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A MMG strategic initaitve to address disparities in clinical research participation among Hispanic and Latino communities.
Hispanics and Latinos are the second largest population group within the United States, making up 16% of the total US population. The US Hispanic population is expected to triple by 2050. Second generation Hispanics and Latinos—those born in the United States with at least one foreign born parent, make up the fastest growing segment. With an average age of 27, the future of the nation's healthcare costs will be closely tied to the health and health behaviors of US Hispanic and Latino populations as they age. Diseases such as cancer, depression, and HIV are becoming more prevalent in this demographic than in non-Hispanic/Latino communities. When cancer is diagnosed in Hispanics and Latinos, it is at a more advanced stage of the disease because this group often delays seeking a physician's care. Latinas under the age of 18 have the highest rate of suicide (11.5%) in comparison to non-Latina whites. Latino youth have more anxiety, depression, and drug abuse than non-Hispanic whites.
The impact of healthcare costs resulting from non treatment or uncontrolled disease in this group is already high in the United States. New medications play a critical role in reducing the long-term costs of care in undertreated diseases. Also, because certain medications metabolize differently in people of Hispanic/Latino heritage, healthcare providers need more data in Hispanic and Latino patients to better inform their treatment decisions and increase their confidence in prescribing therapies. Unfortunately, the participation rate of Hispanics/Latinos in US clinical research is only about 3%. The research community's ability to address this discrepancy and the course of medical research in this group today will affect the health and healthcare system of the United States for several generations to come. Steps need to be taken now to achieve greater Hispanic and Latino representation in medical research.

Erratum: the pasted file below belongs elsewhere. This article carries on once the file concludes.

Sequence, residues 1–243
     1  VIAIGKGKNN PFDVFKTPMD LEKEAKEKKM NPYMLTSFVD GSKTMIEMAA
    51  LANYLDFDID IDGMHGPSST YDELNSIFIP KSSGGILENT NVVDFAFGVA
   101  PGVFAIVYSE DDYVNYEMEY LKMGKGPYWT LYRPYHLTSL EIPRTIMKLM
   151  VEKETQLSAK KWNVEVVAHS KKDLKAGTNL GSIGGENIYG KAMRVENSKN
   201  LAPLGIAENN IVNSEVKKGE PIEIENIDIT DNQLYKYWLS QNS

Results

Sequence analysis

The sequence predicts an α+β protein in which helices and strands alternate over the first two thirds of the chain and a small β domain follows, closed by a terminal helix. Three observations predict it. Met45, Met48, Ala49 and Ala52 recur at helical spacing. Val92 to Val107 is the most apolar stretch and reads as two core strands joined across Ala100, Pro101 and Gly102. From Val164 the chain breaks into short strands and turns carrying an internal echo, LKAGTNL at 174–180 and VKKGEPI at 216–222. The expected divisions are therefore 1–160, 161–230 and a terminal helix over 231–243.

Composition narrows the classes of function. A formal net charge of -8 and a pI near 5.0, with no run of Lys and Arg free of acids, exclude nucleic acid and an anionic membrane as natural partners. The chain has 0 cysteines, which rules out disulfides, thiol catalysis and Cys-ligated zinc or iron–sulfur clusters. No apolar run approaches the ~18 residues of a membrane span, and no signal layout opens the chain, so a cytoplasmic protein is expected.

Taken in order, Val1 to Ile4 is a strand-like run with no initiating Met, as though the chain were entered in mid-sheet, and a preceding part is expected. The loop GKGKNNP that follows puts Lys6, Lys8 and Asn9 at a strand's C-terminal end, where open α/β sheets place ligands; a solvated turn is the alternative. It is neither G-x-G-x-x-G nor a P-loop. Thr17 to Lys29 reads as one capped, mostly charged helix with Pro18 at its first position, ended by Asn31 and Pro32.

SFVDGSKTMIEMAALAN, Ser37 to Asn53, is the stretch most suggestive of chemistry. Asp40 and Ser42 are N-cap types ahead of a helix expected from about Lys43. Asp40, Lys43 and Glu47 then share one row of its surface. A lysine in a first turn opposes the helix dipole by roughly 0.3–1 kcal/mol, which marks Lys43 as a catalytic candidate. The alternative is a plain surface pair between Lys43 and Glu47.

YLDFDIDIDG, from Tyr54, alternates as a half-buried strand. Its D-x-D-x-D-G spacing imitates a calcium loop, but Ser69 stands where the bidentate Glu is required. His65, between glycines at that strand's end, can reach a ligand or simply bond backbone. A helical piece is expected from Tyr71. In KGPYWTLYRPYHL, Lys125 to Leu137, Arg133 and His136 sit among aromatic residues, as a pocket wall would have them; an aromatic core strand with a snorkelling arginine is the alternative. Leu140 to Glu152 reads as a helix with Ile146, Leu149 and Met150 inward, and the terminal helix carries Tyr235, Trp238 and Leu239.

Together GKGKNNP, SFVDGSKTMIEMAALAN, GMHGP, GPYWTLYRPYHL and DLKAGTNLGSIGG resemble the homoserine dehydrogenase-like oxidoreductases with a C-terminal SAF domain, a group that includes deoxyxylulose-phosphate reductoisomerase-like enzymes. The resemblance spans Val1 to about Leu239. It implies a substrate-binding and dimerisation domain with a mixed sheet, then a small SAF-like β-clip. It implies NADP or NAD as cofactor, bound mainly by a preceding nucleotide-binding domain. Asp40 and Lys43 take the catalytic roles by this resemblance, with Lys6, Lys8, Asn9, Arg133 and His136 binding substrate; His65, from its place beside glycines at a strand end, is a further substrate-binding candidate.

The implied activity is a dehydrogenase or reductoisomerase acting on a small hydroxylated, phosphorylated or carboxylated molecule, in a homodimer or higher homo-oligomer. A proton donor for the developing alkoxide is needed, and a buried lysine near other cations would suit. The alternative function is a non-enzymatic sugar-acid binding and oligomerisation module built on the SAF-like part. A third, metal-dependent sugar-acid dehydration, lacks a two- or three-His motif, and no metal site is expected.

National Institutes of Health (NIH) has led the way to be more inclusive of women and minorities in clinical research. The NIH issued a guideline, "The Inclusion of Women and Minorities as Subjects in Clinical Research," to ensure all NIH-funded clinical research is performed in a manner sufficient to elicit information about individuals of both genders and diverse racial and ethnic groups, and to examine differential effects on such groups. An example of how this has driven efforts is the NIH-funded PACT program, in which NIH and MMG teams have partnered to support patients one-on-one in Washington, DC-area communities to bring study participation information and opportunities to the underserved. There has also been some limited success in engaging Hispanics and Latinos in clinical trials through efforts made by the National Cancer Institute and other institutions.